Thursday, May 14, 2009

Andy Behrman on Abilify





To many of us, Andy is known as Electroboy, after his book and upcoming movie. He was also the spokesman for Abilify, from Bristol Myers, Squibb.

Andy had some nasty side effects from Abilify, which he has discussed with journalist Philip Dawdy, here and here. He stopped being the spokesman over this. He had a piece in today's Wall Street Journal, Tonight he made a video, a must see. It's short, sweet and straight to the point. I doubt it will win an Oscar, but it is extremely good and much watch TV

14 comments:

Immi said...

Excellent! I got tachycardia from it within 2 days, so I didn't have to wait for the rest of the side effects. When I'm really down I feel sad about that. Most of the time I'm glad I don't have to worry about anyone trying to get me to take it.

susan said...

Hi Immi,

I always found Andy to be a hard hitter- he says things that are true but may not want to hear and does it with candor and humor at the same time.


He is a good activist.

D Bunker said...

Right on Andy.

Now, we have figure out how to reach and warn the 4 corners area.

All of these damn Advocacy groups need to be investigated by the Full Senate, and Shut Down!

Mental Health AmericaALEXANDRIA, Va. (March 31, 2009)-Mental Health America today announced it has been awarded a $750,000 grant by Bristol-Myers Squibb Foundation to develop culturally appropriate support for Native Americans with serious mental illness and in rural and frontier communities.

The program takes a regional approach toward eliminating behavioral health disparities among Native American and frontier populations. The funding will be used to develop a peer-to-peer program for use in the Navajo and Ute Nations region in tribal lands in the Four Corners area (the borders of Colorado, Utah, New Mexico and Arizona).

Mental Health America will also create education programs to help reduce the stigma and discrimination around mental health disabilities in the frontier and tribal lands of North Dakota. Among the approaches to be used will be creation of leadership groups within tribal communities focusing on behavioral health, and peer-led mental health programs in tribal and frontier communities.

Each year, 30 peer specialists are expected to graduate from peer-to-peer training to staff these programs. Mental health America will work with MHA affiliates in Utah, New Mexico, Colorado and North Dakota to implement the program.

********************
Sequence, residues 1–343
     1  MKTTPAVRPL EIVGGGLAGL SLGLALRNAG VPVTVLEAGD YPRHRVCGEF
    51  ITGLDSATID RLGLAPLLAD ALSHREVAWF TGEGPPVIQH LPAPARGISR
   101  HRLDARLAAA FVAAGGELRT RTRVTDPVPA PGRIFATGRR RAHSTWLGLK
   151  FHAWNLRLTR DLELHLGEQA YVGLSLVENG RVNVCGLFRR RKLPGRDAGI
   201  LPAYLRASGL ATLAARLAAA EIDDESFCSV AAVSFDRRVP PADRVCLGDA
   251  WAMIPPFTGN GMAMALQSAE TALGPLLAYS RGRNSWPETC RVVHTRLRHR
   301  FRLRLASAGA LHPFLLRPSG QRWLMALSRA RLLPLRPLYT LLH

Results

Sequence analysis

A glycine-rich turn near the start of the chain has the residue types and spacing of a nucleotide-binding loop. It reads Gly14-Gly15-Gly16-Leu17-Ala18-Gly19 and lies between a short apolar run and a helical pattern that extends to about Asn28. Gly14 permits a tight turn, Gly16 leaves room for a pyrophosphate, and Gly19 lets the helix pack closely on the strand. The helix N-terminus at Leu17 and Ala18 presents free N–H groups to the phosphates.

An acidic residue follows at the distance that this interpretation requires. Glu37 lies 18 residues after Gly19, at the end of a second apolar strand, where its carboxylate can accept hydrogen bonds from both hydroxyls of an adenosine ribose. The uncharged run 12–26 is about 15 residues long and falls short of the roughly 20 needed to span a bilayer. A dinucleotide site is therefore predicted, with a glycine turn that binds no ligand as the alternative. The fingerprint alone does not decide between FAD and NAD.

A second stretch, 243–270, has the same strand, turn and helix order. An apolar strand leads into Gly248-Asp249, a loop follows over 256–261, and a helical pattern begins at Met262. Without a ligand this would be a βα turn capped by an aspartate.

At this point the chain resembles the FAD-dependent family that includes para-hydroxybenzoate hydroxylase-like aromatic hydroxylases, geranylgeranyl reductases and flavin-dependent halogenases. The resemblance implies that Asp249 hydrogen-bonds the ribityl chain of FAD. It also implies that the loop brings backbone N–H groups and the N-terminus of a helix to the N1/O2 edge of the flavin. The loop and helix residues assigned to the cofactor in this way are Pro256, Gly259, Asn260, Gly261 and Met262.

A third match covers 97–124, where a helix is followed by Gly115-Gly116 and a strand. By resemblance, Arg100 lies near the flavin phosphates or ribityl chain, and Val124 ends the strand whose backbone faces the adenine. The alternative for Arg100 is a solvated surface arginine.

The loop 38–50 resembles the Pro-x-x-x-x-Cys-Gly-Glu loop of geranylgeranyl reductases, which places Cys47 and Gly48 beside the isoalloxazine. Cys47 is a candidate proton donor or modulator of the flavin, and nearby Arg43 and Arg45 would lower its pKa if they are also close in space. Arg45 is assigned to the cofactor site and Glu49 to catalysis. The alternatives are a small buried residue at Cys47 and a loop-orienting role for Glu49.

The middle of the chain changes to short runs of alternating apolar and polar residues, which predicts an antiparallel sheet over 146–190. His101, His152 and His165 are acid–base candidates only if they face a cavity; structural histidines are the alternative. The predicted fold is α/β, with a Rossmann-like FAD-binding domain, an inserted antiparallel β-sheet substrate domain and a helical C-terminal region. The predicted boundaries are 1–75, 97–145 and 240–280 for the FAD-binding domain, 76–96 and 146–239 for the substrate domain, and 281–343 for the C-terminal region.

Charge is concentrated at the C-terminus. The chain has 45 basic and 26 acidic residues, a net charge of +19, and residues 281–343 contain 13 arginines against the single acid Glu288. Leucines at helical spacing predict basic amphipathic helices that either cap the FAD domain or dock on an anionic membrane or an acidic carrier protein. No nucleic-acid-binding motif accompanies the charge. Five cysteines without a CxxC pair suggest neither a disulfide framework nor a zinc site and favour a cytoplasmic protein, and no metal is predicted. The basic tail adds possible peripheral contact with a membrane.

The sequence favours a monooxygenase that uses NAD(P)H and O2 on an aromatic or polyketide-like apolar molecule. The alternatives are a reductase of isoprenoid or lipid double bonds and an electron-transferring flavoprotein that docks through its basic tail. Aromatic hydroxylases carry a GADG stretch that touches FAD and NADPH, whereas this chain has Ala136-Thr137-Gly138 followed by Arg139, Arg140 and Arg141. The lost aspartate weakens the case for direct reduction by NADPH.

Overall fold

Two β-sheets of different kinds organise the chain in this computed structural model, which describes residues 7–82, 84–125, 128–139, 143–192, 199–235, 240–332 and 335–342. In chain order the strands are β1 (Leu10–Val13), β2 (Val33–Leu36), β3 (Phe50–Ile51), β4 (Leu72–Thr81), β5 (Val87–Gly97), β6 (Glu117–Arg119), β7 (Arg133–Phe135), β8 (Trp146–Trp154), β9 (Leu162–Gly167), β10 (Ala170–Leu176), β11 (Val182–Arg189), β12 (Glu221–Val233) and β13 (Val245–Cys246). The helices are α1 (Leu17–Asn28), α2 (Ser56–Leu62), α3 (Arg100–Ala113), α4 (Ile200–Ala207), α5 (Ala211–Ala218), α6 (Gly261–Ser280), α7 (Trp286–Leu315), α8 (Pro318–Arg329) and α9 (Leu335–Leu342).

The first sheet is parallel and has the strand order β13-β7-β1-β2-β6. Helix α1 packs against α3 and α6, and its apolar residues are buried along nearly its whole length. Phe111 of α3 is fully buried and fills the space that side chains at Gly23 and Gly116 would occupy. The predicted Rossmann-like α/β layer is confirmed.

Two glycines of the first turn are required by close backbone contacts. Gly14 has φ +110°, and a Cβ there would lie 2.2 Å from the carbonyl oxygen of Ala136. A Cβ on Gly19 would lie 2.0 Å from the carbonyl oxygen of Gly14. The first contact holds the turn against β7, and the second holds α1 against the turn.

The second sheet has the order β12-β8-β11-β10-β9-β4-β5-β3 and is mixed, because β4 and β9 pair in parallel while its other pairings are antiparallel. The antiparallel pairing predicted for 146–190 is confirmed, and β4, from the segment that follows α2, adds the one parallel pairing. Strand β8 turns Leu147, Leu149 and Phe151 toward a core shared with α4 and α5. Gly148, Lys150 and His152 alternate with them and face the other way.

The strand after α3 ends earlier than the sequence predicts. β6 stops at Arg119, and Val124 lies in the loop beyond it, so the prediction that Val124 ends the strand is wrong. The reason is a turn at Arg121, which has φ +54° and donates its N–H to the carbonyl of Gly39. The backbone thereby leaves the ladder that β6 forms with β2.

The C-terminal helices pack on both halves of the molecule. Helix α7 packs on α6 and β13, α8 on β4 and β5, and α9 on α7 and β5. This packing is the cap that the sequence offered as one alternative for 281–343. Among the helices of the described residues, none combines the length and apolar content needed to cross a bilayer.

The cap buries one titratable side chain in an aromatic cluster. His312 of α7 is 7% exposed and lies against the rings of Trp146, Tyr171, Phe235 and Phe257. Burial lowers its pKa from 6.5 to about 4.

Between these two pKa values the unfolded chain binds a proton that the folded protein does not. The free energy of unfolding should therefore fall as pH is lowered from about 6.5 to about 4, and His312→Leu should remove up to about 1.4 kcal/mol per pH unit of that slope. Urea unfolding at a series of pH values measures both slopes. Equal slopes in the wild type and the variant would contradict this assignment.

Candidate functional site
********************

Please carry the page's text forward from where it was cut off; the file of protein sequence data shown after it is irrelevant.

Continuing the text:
Once that $750K gets BMS in the door, the Public will have to Pay them back 20 or 30 times over.

wendy said...

Susan,
I had just read this article on another blog and was getting ready to bring it to your attention. Wow, you beat me to it!!! He had many of the side effects I had on Abilify.
Wendy

Ana said...

This is good he is telling the real story.
D Bunker is right "
"Now, we have figure out how to reach and warn the 4 corners area."

D Bunker said...

Hey Ana;
Let Google do it.

The search engines Index on Key words you title a post with.

Words like Navajo, Ute, and other Key words & combinations could attract those folks right To our blogs.

"Navajo Mothers Targeted For Drug Profits" etc.

Navajo have their own language Wiki. We need someone who speaks it to write post Titles and maybe even translate content.

This BS with passing out smallpox/Abilify infected blankets, yet again, doesn't cut it.

susan said...

Hi D Bunker, Wendy, Ana, I just think very highly of Andy, he is a friend and I think he is a neat guy.

My psychiatrist wants me to try Abilify- or Effexor. I am going to show her this info on Abilify.

Stephany said...

Abilify has been charted in my daughter's chart as causing extreme agitation and insomnia.

D Bunker said...

Susan; CL Psych has been All over Abilify. You should take as much of Cl's writings as you can with you and share it with that person.

Abilify, Depression and the Memory Hole."Safety: The authors note that "adjunctive aripiprazole is relatively well-tolerated in patients with MDD." Relatively? Relative to what -- being hit with a baseball bat repeatedly? They note that akathisia occurred in 25% of patients on Abilify compared to 4% of patients on placebo. Restlessness: 12% vs. 2%; insomnia: 8% vs. 3%; fatigue: 8% vs. 4%; blurred vision: 6% vs 1%. The authors report that akathisia resolved in 52% of patients by the end of the study, which would also mean that for 48% of patients with akathisia, they were stuck with it at the end of the study. But don't worry, it's "relatively well-tolerated."

Put Abilify into Cl's search box. There's a bunch more there.

Anonymous said...

Your support is much appreciated.

It's really time to stand up to big Pharma.

I'm prepared to take on the battle and if you'd like to join me, please write to me at electroboy@electroboy.com or visit me at http://www.electroboy.com

susan said...

Thank you Andy, and if you start speaking around here I will be happy to promote it locally, and country wide on the blog.

-Susan
Just bring some LA Sunshine!

Ana said...

I've just publish this video.
I remembered I first saw it here.
So I did put a link for you.
I don't know how I remembred it.
LOL

susan said...

Thanks Ana

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